• Shortness of breath
  • Fatigue
  • Fever
  • Nausea
  • Muscle aches
  • Vomiting and diarrhea, which are signs that a viral infection is present.

However, in cases where the effusion is not caused by pericarditis, the symptoms are less pronounced. In fact, some patients do not feel any symptoms at all. Most of the time, the condition is only diagnosed when routine health screenings turn out abnormal. In such cases, it is only when the effusion becomes large and more serious that the symptoms may begin. These include:

  • Shortness of breath
  • Light-headedness
  • Passing out
  • Palpitations
  • Clammy skin

If these symptoms are experienced, patients should be brought to the emergency room, as pericardial effusions of this severity may be life-threatening.

For non-serious cases, pericardial effusion is usually diagnosed or confirmed through the following tests:

  • Physical examination – A doctor may be able to detect abnormal sounds when examining the chest. This is, however, not very reliable and has to be followed by other tests.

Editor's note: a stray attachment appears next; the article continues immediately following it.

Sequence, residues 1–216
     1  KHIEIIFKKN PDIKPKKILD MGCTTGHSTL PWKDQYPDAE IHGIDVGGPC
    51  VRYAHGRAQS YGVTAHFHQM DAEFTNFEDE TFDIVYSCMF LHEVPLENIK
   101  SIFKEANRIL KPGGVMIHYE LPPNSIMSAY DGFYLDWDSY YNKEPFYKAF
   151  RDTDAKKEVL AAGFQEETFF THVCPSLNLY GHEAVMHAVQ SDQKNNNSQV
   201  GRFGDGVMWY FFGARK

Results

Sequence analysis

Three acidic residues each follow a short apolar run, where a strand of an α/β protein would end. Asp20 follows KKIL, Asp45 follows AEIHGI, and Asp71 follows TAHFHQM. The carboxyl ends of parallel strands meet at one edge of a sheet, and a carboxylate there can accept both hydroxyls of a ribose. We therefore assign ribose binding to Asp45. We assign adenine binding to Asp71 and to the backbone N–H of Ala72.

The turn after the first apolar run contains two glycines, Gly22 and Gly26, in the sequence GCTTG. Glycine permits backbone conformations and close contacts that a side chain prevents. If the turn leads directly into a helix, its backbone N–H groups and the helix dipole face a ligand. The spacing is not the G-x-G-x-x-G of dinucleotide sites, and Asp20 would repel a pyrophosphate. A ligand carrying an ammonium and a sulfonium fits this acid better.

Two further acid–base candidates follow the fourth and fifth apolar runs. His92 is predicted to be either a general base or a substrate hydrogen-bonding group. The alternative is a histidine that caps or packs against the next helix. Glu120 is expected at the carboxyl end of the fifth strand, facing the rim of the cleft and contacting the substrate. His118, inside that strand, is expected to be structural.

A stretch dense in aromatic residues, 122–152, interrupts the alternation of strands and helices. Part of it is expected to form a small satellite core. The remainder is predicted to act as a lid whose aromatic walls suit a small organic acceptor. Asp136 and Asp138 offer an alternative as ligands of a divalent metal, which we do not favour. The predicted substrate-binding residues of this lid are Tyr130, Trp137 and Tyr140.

• Electrocardiogram (ECG) – An electrocardiogram is a diagnostic test used for examining the electrical activity of the heart. It is done by placing electrodes over the chest to check for abnormal electrical patterns that may indicate a pericardial effusion.

  • Chest x-ray – A simple chest x-ray, especially when the heart’s silhouette is enlarged, can show signs of the presence of excess fluid around the heart.

  • Echocardiogram – This is the most effective and most important test when it comes to diagnosing pericardial effusions. An echocardiogram, also known as the ultrasound of the heart, can distinctly show the abnormal amount of fluid around the heart, thus confirming a diagnosis.

Upon successful diagnosis of pericardial effusion, the first course of action is to determine its size and the severity of the disease. If it is small, it is not likely to cause any serious problems. However, if the effusion is very large, it can impair the heart’s ability to pump blood properly, which can cause a potentially life-threatening condition called a cardiac tamponade.